Armed Forces Overviews


Other Forces

By Michel van de Voort

Jordan, from its establishment as a separate mandated country in 1920, relied totally on the British for air support.Two air stations were constructed, one in Amman (RAF Amman) and one in Mafraq (RAF Mafraq), and were officially opened in 1931. 

Soon Trans-Jordan set up her own flight for air operations. In the first place using only old and outdated aircraft, quite suitable for training and observation, but useless against modern, better equipped comb at machines of the other states in the region. By 1950, the flight consisted of a D.H.Rapide, 4 Percival Proctors, 2 D.H Tiger Moths and two Auster Autocrats. In may 1950, the Jordan government proposed to established a small air force, limited in shape and size to a training flight, plus a small Air Observation Post (A.O.P) squadron to consist of six Austers with photographic capability. 


King Hussein recognized the vital need for adequate air support and decided to expand and acquire fighter jet aircraft. On September 25th 1955, the Arab Legion Air Force was renamed the Royal Jordanian Air Force (RJAF) after the United Kingdom's decision to donate nine Vampire jet fighter-bombers to Jordan. In April 1956, the command of the RJAF was transferred from the British to the Jordanians whereby Major Ibrahim Othman became the first Jordanian Air Force Commander. By 31 May 1957, Mafraq and Amman Air stations had been evacuated by the British and handed over to the RJAF.

After the revolution in Iraq (1958), the RJAF embarked on an expansion program receiving the first batch of Hawker Hunter aircraft to form No.1 Fighter Squadron. Widgeon and Whirlwind helicopters joined the transport fleet, which included Doves, Rapides, and Austers. In 1962, No.2 squadron was formed with Hunter aircraft to replace the aging Vampires, and the latter was taken out of service. December 1964 saw the first Jordanian air combat against the Israeli Air Force where four Hunters scrambled to fight against Israeli Mirage IIIs. One Israeli Mirage was downed and three damaged. This aerial battle is known in the RJAF as the battle of the Dead Sea. In 1966, Jordan signed a deal with the US to acquire a squadron of F-104's.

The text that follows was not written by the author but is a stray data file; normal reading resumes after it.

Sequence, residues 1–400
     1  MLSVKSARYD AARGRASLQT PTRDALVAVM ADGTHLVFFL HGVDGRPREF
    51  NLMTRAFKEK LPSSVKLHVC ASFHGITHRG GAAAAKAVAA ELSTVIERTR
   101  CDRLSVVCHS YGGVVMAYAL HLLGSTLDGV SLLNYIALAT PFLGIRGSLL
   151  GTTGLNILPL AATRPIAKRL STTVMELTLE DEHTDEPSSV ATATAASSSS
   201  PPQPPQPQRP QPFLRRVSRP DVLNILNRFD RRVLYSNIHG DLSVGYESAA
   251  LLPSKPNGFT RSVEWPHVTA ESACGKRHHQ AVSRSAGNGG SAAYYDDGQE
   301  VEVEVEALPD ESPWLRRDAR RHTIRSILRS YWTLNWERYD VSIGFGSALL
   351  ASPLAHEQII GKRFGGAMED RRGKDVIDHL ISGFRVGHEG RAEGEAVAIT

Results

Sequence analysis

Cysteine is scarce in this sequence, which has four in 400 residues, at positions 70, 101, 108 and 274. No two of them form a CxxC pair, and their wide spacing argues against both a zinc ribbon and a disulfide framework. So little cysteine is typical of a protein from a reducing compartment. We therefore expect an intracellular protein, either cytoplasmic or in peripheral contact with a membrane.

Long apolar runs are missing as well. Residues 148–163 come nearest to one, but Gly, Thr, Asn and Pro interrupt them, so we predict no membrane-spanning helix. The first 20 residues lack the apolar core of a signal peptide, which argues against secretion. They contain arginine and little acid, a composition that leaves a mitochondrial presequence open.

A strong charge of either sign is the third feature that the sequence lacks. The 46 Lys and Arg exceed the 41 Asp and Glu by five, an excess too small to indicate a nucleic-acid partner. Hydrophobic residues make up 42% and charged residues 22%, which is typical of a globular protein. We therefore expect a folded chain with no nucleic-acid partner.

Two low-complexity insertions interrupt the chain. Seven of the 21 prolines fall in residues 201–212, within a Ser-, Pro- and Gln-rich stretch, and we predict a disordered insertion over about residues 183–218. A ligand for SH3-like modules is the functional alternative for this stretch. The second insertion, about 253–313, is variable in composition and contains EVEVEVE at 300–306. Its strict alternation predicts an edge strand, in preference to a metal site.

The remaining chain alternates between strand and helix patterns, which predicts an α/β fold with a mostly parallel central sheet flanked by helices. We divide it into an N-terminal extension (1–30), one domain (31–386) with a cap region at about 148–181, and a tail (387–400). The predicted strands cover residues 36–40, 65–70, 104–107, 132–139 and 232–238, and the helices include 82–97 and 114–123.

In December 1974, as Iran took delivery of F-5Es, it also transferred 31 F-5A's and B's to Jordan. The first batch of F-5Es arrived to PHAB in 1975 and was attached to No.17 Squadron. No.6 Squadron also received T-37 aircraft the same year. In 1987, the Casa 101 Jet trainer came into service at King Hussein Air College replacing the T-37B. The transport fleet consisting of the Air Lift Wing, the Royal Squadron and the Air Police Wing, operates a selection of fixed wing and helicopter aircraft. The Air Lift Wing was established in 1971 with four C-47s together with Allouette III's flown by No.3 Squadron. Soon after its establishment, the wing set about a modernization programme with the C-47 being replaced, by C-130s and C-119. The C-119 was soon withdrawn due to its limited reliability.

During 1975/76, four Casa 212A aviocars were supplied that were later to be replaced by two leased Casa CN-235Ms. The wing operated the Alouette 3 flown by No.7 Squadron, and the Sikorsky S-76. In 1987 the Alouettes were replaced by Super Pumas. Recently, the wing reactivated No.8 and No.14 Squadron, following the delivery of US Army UH-1Hs in October 1994. The Attack Helicopter Wing was formed in 1986 with No.10 and No.12 Squadrons flying the AH-1F Cobra. The Sikorsky S-76 has been replaced by the S-70 Black Hawk. In 2003 a Casa C-295 was added to the transport fleet. 

The RJAF received its first F-16 fighting Falcons in December 1997 which enabled 2sq to be reactivated. In 2003 the delivery of 17 surplus USAF F-16A/B ADFs commenced.